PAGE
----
In the United States, "clam" can be used in several different ways: one, as a general term covering all bivalve molluscs. The word can also be used in a more limited sense, to mean bivalves that burrow in sediment, as opposed to ones that attach themselves to the substrate (for example oysters and mussels), or ones that can swim and are migratory, like scallops. In addition "clam" can be used in an even more limited sense, to mean one or more species of commonly consumed marine bivalves, as in the phrase clam chowder, meaning shellfish soup usually made using the hard clam. Many edible bivalves have a roughly oval shape; however, the edible Pacific razor clam has an elongated, parallel-sided shell, whose shape suggests that of an old-fashioned straight razor.
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Some articles on clam:
... or mollusk, identified as an oyster, mussel, or giant clam such as the Pearl of Lao Tzu ... term for "mollusca", the Erya defines it as a large yao (珧) which means shellfish, clam, scallop, or mother-of-pearl ... of the Han Dynasty defines it a large ge (蛤), meaning clam, oyster, shellfish, or bivalve ...
44.732806°N 62.920222°W / 44.732806 -62.920222 Clam Bay in Nova Scotia Clam Bay is a community of the Halifax Regional Municipality in the ...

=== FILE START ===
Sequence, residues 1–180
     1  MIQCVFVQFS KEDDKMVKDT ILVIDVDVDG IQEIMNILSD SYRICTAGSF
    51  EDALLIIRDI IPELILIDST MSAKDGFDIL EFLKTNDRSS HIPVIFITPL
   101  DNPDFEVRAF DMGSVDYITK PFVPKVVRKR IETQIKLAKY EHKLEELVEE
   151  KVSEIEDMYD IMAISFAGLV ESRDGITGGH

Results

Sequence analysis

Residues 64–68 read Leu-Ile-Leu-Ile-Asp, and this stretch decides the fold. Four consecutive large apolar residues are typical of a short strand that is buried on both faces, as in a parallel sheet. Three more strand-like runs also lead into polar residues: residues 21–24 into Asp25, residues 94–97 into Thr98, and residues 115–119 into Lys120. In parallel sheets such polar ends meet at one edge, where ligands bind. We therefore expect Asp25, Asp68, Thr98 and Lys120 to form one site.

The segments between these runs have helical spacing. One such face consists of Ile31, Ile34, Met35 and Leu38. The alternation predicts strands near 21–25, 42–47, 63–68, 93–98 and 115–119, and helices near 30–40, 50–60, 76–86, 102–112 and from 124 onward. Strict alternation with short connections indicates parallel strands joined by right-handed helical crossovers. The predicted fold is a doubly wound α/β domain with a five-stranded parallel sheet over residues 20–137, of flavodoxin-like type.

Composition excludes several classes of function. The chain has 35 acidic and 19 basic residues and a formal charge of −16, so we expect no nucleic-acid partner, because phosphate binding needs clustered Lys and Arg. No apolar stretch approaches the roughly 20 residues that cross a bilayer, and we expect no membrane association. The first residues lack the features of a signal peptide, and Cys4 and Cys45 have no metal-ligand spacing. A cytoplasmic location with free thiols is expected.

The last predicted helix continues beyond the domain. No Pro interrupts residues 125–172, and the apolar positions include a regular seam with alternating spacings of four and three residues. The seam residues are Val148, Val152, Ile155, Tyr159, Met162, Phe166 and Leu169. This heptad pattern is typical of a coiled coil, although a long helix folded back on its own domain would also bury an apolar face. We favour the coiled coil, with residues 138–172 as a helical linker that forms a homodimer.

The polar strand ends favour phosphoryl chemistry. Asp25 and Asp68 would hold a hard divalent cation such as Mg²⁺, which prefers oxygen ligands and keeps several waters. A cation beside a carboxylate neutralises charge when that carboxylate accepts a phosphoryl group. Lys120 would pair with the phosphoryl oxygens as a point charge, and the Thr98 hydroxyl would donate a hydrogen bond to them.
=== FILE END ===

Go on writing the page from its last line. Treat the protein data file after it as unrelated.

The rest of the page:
... Clam is an unincorporated community in Accomack County, Virginia, United States. ...
... was an entrepreneur and restaurant owner who legend has it invented the Ipswich fried clam ... He opened Woodman's of Essex, first as a clam shack, with his wife Bessie on Main Street in Essex, Massachusetts and sold freshly dug steamer clams as ... Legend has it that Woodman invented fried clams on July 3, 1916 ...
... Cytherea lyrata The lyrate Asiatic hard clam, Meretrix lyrata, also known simply as the hard clam (Vietnamese Nghêu Bến Tre), is an edible saltwater clam, a marine bivalve mollusc in the family Veneridae, the ...
More definitions of "clam":
- (noun): Flesh of either hard-shell or soft-shell clams.
- (noun): Burrowing marine mollusk living on sand or mud.
Famous quotes containing the word clam:
“Over the low, barnacled, elephant-colored rocks,
Come the first tide-ripples, moving, almost without sound, toward
Running along the narrow furrows of the shore, the rows of dead clam shells;”
—Theodore Roethke (19081963)